Senate Passes National Family Caregiver Support Program

Earlier this week, the Senate passed the Older Americans Act (OAA). This bill contains the eligibility fix for the national family caregiver support program that will now include older relative caregivers (aged 55 and over) of their adult children with disabilities (aged 18-59).

The National Family Caregiver Support Program was the first federal program to recognize the needs of the nation’s family caregivers who provide the vast majority of long-term services and supports. This program not only funds respite, but individual counseling, support groups, and caregiver training for family caregivers, primarily for those who are caring for the aging population.iStock_000013039002Small

With the increasing number of Americans who are caregivers of their adult children with disabilities, we are thrilled to see this improvement in the program. There are over 800,000 caregivers of persons with intellectual and developmental disabilities (ID/DD) who are over the age of 60. This number is projected to grow substantially with the aging of the “baby boomer” generation. People with intellectual and developmental disabilities are also living longer due to medical advances. As parents of these individuals age, they will require more support to be able to continue providing care to their adult children and avoiding costly and unwanted institutional placement.

More than at any other time, when Medicaid, Medicare, and Social Security are being threatened, helping family caregivers to continue providing long-term services and supports is good public policy.

The National Family Caregiver Support Program and the Older Americans Act have been on our radar as they have direct impact for improving and securing a life with out limits for those living with disabilities and their families.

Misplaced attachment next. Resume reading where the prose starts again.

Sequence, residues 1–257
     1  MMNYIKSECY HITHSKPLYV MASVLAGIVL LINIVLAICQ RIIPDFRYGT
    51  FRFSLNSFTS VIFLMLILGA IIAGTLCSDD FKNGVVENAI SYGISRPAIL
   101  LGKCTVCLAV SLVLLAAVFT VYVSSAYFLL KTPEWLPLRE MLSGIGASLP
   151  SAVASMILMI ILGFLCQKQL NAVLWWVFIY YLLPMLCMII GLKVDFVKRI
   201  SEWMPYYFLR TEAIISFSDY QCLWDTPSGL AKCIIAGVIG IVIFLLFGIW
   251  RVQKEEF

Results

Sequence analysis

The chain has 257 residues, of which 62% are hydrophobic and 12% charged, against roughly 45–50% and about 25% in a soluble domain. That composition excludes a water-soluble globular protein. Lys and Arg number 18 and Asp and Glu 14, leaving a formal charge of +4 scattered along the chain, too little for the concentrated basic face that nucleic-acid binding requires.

Call Your Member of Congress and tell them how thankful you are for the passage of the National Family Caregiver Support Program and the Older Americans Act!

To help guide your call, we have put together a list of talking points.

 

 

My Brother Kain

Today is National Siblings Day, which celebrates siblings of every stripe, everywhere. However, for people with disabilities, the sibling relationship is often quite different than what is experienced by those who have brothers and sisters without disabilities. Yes, there’s love, and yes, there’s sometimes rivalry and tension. But so often the bond seems to go far beyond what you would expect of typical siblings. Siblings of people with disabilities are frequently the ultimate protectors, caretakers and friends, with a connection not always explained by simple family ties. Guest blogger and sibling Ashley Knapp is all of those things. We thank her for choosing to give us a glimpse into the world she shares with her brother. 

 

My younger brother Kain was born when my mother was 26 weeks pregnant. He had a rough time and was on a ventilator for the first 4 weeks of his life. His lungs hadn’t had a chance to develop, and the lack of oxygen caused his Cerebral Palsy. His retinas also detached causing him to lose his vision, leaving him completely blind. He also has a rare condition called contaminated bowel syndrome.

Ashley and Kain

Ashley and Kain